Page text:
Only thing I've changed in /etc/default/tftpd-hpa was to add --verbose (really good for debugging) in `TFTP_OPTIONS':

TFTP_OPTIONS="--secure --verbose"

Main issue with tftpd-hpa was the service being brought up at the start up. It has an entry in /etc/init.d/tftpd-hpa and no matter what I tried (as explained here) it just didn't work (probably my fault) until I caved in and did the dirtiest solution and added sleep 10s to /etc/init.d/tftpd-hpa in do_start() function just before:

start-stop-daemon --start --quiet --oknodo --exec $DAEMON -- \
        --listen --user $TFTP_USERNAME --address $TFTP_ADDRESS \

Also, as per Raspberry Pi Network Boot Documentation and Pi 4 Bootloader Configuration I've created directories under /srv/tftp/ with mac addresses of workers (which I have previously, just for a good measure and easier debug, assigned to static IPs on local router). For instance: /srv/tftp/dc-a6-32-09-21-c1. Warning: somewhere in documentation it showed that directory with mac address name should have upper case letters, but that was wrong.

Those directories would populated with content of /boot partition of 64bit Raspberry Pi OS image. Only change needed there was in cmdline.txt (as per above documentations):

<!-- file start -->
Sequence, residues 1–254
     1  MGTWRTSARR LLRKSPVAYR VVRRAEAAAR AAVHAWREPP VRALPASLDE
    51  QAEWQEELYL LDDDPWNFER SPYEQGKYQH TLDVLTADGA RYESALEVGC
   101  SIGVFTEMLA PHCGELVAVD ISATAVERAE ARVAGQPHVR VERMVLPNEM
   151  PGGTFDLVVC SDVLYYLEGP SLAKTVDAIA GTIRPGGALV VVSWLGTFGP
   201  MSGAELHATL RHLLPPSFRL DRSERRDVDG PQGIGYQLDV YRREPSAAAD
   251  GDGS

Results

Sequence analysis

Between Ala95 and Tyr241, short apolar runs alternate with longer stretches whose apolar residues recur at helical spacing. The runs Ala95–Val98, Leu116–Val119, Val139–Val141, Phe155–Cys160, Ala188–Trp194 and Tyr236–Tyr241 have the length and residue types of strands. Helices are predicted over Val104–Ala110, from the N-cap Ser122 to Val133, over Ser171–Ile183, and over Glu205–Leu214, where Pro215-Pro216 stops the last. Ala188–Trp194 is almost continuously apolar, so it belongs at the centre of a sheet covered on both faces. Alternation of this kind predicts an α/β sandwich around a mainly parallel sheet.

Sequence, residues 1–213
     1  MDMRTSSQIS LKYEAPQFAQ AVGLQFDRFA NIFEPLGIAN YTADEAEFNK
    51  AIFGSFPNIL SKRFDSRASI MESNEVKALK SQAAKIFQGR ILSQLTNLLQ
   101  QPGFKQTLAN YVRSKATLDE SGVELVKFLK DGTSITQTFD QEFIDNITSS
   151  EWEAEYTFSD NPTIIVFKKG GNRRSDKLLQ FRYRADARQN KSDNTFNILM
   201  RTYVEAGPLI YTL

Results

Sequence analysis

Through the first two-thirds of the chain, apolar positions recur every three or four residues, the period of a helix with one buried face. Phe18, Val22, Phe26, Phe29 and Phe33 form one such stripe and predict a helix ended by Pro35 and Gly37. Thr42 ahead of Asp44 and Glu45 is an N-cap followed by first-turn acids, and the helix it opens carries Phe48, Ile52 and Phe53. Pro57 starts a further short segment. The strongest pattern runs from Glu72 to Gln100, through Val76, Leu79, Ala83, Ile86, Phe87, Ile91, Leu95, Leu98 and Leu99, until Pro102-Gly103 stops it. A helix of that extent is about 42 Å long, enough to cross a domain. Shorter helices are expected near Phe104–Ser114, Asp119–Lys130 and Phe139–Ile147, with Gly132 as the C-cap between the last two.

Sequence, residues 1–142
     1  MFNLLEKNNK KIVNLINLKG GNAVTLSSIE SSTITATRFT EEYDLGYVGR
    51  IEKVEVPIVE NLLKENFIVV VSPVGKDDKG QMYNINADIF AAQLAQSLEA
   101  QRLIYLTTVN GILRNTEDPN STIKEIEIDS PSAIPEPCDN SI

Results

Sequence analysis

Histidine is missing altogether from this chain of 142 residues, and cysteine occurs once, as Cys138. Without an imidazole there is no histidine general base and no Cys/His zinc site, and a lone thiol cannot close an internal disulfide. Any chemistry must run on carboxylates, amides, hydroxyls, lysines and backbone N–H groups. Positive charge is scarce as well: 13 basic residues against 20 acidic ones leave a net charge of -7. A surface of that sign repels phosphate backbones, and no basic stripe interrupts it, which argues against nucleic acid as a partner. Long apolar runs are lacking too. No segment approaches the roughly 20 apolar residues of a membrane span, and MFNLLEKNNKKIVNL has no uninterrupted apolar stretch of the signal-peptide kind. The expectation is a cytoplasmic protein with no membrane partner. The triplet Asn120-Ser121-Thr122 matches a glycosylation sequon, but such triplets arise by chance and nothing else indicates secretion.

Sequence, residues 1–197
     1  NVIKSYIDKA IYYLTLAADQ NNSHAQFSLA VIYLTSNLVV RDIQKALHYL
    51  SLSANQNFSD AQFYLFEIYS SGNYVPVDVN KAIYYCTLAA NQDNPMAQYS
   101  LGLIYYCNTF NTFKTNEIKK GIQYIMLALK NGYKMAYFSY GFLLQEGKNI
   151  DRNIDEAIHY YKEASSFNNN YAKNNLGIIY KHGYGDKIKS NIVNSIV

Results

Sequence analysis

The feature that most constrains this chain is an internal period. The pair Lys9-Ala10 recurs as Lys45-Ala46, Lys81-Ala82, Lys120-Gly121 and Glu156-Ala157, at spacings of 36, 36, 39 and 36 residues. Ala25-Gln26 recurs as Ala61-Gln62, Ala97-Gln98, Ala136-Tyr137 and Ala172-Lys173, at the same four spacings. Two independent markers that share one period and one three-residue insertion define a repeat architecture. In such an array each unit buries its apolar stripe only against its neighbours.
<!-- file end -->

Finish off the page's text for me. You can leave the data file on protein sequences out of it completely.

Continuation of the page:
console=serial0,115200 console=tty1 root=/dev/nfs nfsroot=<master-node-IP>:/srv/nfs/cluster-w<worker-number>,vers=3 rw ip=dhcp rootwait cgroup_enable=memory cgroup_memory=1 elevator=deadline

That way I can have as many worker nodes booting separately from the same server.


Luckily there's nfs-kernel-server package:

sudo apt install nfs-kernel-server

which needs /etc/exports updated. I've added following:

/srv/k8s/volumes,sync,no_subtree_check,no_root_squash) srv/nfs/cluster-w2 (rw,sync,no_subtree_check,no_root_squash) /srv/nfs/cluster-w3 (rw,sync,no_subtree_check,no_root_squash)

/srv/tftp/dc-a6-32-09-21-c1 (rw,sync,no_subtree_check,no_root_squash) /srv/tftp/dc-a6-32-7a-3b-c1 (rw,sync,no_subtree_check,no_root_squash)

Also, as you can see from the paths, I've created /srv/tfpt/cluster-w<worker number> directories where I copied root partition from OS image:

rsync -xa --progress --exclude /boot / /srv/nfs/cluster-w2

From there I had to update /srv/nfs/cluster-w2/etc/fstab to something like:

proc            /proc           proc    defaults          0       0
<master-node-ip>:/srv/tftp/dc-a6-32-09-21-c1 /boot nfs defaults,vers=3 0 0